How to promote veganism – a tugboat or a lighthouse

How to promote veganism – a tugboat or a lighthouse

I recently wrote a small blog post for world vegan day on why we should all be a little more vegan. I have always been interested in why people have chosen to be vegan and I always ask. I want to know what affected them sufficiently for them to change their lifestyle enough to become vegan.

This comes from the fact that Ivonne and I came to be vegan at similar points in our life but from completely different motivational points, hers being that of animal welfare and mine from personal health. What has been interesting on our journey is how we both now value each other’s standpoint equally and this has come through a continual process of education.


We are all Individuals

vegans are individual

So based on our knowledge how can we encourage others to become vegan? Well of course there is no definitive answer. We are all individuals with different backgrounds experiences and values. Every corner of society has its moderates and its radicals, meat eaters and vegans.

I would like to think that we are as open-minded and tolerant as possible to everyone’s point of view but more than anything this has led us to the realisation that you cannot change everyone and actually you could waste far too much energy trying to do so. It is far better to slowly encourage and educate those who are open to it and to do so with facts and combine them with fun.

So on to the small blog post I wrote. This was on a general forum and my aim was nothing more than to get omnivores to maybe consider their diet. If one person who read it reduced their meat consumption I would be happy. This is what I said;


Why we should all be a least a little vegan!

Let’s start with the fact that the UK Food Guidance is 85% minimum plant based and for good reason. The more we eat from animal sources overall the lower our health span, the more we eat from plant sources the higher our overall lifespan. We should all go more ‘vegan’ for health reasons.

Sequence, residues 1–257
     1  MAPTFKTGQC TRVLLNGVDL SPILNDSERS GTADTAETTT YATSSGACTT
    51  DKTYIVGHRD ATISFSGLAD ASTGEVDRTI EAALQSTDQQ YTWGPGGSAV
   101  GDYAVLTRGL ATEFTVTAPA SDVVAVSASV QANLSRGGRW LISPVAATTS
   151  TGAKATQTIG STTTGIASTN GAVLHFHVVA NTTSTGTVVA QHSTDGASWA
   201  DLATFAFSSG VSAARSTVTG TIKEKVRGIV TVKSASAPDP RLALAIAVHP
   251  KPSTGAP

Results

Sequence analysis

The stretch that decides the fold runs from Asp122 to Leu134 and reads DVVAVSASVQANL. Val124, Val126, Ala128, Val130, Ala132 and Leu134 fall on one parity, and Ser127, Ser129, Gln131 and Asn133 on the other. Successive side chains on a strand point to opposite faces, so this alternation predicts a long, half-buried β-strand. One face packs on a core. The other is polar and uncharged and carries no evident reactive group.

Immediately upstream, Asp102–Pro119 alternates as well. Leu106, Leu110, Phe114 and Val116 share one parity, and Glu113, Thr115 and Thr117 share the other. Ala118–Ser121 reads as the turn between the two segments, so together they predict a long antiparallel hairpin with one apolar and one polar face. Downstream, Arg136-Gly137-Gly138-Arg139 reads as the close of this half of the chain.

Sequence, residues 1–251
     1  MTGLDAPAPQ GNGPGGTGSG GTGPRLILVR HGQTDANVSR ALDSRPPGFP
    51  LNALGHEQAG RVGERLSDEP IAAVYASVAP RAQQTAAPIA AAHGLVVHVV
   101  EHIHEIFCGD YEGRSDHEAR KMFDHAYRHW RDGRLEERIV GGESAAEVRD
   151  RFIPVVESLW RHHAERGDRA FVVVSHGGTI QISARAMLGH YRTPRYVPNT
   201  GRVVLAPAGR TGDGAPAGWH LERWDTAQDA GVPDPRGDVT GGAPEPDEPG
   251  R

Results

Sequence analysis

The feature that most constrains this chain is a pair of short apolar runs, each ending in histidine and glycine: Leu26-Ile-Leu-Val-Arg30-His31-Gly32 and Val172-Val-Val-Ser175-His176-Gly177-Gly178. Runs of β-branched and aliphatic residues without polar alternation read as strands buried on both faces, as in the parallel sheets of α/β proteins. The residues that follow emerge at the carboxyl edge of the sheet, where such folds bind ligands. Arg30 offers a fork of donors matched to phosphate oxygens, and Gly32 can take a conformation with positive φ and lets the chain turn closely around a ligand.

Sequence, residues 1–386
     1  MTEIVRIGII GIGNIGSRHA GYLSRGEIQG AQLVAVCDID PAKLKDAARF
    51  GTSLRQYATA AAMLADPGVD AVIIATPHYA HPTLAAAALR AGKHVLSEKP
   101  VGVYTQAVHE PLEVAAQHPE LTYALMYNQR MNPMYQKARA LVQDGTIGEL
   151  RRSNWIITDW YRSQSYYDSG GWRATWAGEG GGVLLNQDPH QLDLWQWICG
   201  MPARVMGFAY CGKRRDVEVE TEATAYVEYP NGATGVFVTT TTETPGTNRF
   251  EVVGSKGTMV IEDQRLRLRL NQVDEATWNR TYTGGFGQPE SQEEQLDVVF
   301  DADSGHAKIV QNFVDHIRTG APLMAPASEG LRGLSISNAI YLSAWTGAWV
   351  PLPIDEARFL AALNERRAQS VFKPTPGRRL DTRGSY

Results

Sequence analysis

The health reasons alone of more people eating to the UK Food Guidance will improve the health of our nation, reduce the load on our health services, improve ability, economy and more.

The ethical reasons are worthy of consideration. If there are options where animals are not harmed, which are equally good if not better, then shouldn’t we choose those that don’t harm?

The environmental reasons are worthy of consideration. Moving towards being ‘vegan’ will have a positive impact on our environment. So, shouldn’t we be moving more ‘vegan’ for health, economy, ethics and environmental reasons?

reasons to go vegan

Although vegan, sometimes I’m not a fan of the label. As in all walks of life there are some vegans that are very militant and are definitely tugboats rather than lighthouses. Lighthouses guide and inform. People respond better to lighthouses.

What I do love is other vegans sharing accurate information, support, guidance, recipes and fun facts as it allows people to make better more informed choices and understand options and resources. For me this is a much better option that appeals to the majority.

Conversely, there are some people who are not vegan also find the need to personally attack those who describe themselves as vegan, usually for small-minded reasons, or for a lack of knowledge. We should respect the choices people make, omnivore or vegan. Yet, hey, haven’t we all got the requirement to make not just the best choices for ourselves, yet also for health, ethics, environment and our economy?

Shouldn’t we all be moving a little more ‘vegan’?


How to promote veganism – our top 5

I was really happy that a very short moderate blog post such as this had such a positive response, with many people saying that they were cutting out red meat, diary, all meat, some wanting to try vegetarianism and some even veganism.

Ok so if a small blog post can have a positive response lets look at 5 simple things that you can do to promote veganism.

promote veganism learning graffitiKeep informed and educated.

Yes, you know that there are so many benefits to being vegan, but many people don’t and in fact think quite the opposite. Keeping yourself as educated and informed as possible enables you to share correct, up-to-date information.

Using this information as creatively as possible is a great way to raise awareness. Answer any questions, debates, concerns or fears calmly stating facts and sources, remember to be a lighthouse not a tugboat


Share the vegan goodies.

Many people are concerned that becoming vegan means a life of lentils and lettuce. Most of us have seen the memes making fun of vegan food. We of course know how rich, diverse flavoursome and of course healthy vegan food can be.